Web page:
Update: Jan. 29, 2017, 3:55 p.m.
Vahideh Rasekhi was released from detention at JFK Airport on Sunday at around 2:30 p.m., Newsday has reported.
In an email to the campus community, Stony Brook University President Samuel L. Stanley Jr. advised that students from the seven countries affected by the travel ban not to travel outside the United States “unless absolutely necessary.”
Update: Jan. 29, 2017, 10:46 a.m.
Vahideh Rasekhi was pulled from a flight to Ukraine Saturday night after a federal judge issued a stay against President Trump’s travel ban, The New York Daily News has reported.
The plane was set to travel to Istanbul through Kiev, and it departed around 2 a.m. without Rasekhi. She is still being detained at the JFK Airport.
The Graduate Student Organization has issued a statement about the situation on Facebook.
“We stand by Vahideh, our President, in her right to stay in this country and continue her education,” the statement reads.
Update: Jan. 29, 2017, 12:21 a.m.
Although BBC Persian journalist Bahman Kalbasi reported that Vahideh Rasekhi was scheduled to be deported at 11:40 p.m., it is unclear whether she left the country on the flight to Istanbul.
Stony Brook graduate student and Graduate Student Organization President Vahideh Rasekhi was reportedly detained at John F. Kennedy (JFK) International Airport in Queens on Saturday under President Donald Trump’s executive order banning travelers from several predominately Muslim countries from entering the United States, according to the Three Village Patch.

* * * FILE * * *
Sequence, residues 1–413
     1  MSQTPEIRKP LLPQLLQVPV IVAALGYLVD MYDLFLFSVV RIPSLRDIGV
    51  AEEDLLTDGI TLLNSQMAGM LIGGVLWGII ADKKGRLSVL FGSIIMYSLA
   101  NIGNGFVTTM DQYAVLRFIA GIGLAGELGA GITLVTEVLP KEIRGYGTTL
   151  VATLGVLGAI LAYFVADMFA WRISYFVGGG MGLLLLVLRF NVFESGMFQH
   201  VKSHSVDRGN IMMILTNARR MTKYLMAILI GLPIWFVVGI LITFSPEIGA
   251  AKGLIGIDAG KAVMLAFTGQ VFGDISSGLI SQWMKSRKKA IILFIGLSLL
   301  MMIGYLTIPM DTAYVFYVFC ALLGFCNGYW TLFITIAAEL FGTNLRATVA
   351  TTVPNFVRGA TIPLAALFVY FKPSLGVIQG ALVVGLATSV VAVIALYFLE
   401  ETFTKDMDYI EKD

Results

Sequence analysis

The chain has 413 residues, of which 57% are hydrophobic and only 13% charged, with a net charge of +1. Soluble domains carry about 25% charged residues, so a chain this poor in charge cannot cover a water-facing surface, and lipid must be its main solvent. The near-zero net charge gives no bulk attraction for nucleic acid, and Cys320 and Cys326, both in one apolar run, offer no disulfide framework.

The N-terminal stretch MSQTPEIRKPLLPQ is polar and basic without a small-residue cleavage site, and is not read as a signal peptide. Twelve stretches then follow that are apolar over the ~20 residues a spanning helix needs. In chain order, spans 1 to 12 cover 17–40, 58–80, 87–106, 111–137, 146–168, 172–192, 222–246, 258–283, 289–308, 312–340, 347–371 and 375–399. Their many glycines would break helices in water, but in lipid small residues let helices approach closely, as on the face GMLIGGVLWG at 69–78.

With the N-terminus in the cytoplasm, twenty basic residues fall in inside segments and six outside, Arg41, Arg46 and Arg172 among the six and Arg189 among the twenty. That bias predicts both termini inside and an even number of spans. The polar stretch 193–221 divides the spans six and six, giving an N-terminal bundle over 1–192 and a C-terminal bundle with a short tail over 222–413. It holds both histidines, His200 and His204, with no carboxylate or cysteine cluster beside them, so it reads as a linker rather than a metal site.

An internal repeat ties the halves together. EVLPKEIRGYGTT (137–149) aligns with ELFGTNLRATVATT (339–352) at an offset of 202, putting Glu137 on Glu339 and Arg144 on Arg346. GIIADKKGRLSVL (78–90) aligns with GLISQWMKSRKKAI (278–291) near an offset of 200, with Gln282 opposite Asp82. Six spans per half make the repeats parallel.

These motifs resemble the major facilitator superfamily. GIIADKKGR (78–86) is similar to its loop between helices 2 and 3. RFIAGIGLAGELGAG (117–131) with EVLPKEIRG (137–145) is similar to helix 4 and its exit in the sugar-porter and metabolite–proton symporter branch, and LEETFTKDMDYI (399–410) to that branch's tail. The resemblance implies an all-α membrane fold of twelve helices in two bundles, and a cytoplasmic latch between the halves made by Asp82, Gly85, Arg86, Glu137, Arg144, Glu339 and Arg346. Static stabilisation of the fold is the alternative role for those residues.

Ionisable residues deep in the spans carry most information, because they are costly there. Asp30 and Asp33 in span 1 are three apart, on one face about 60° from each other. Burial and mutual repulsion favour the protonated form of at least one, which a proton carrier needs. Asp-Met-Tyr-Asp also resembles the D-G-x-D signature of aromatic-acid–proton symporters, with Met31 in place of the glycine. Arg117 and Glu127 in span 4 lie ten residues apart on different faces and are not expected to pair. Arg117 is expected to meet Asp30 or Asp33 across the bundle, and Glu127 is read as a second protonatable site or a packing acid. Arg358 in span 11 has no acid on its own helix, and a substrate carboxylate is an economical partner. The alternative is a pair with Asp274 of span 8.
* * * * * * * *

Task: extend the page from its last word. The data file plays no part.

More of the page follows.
Rasekhi had spent her winter break in Iran before returning to the U.S., the Three Village Patch reported. BBC Persian journalist Bahman Kalbasi also confirmed news of Rasekhi’s detainment in a tweet earlier today. A follow-up tweet reports that she was scheduled to be deported to Istanbul at 11:40 p.m.
Despite the stay order Vahideh Rasekhi is being deported on an 11:40 PM flight from JFK to Istanbul. #MuslimBan https://t.co/W6Y7mq1mnV
— Bahman Kalbasi (@BahmanKalbasi) January 29, 2017
President Trump’s Jan. 27 order restricts citizens from seven predominantly Muslim countries including Iraq, Iran, Sudan, Libya, Somalia and Yemen from entering the United States.
The Three Village Patch reported that a 32-year-old SBU graduate named Sahar, who declined to give her last name, was also barred from seeing her parents at JFK, after their flight from Iran landed on U.S. soil.
When the story first broke, Turkish Airlines notified Sahar’s parents’ attorneys that her parents had been placed on an 11 p.m. flight back to Iran. Attorneys with the International Refugee Assistance Project filed a swift habeas petition on behalf of the couple in Brooklyn federal court, and on behalf of more than a dozen others, according to the Three Village Patch.
A federal judge in Brooklyn issued an emergency stay against the order, allowing people who have landed in the U.S. with a valid visa to remain – temporarily.
This story will be updated as more information becomes available.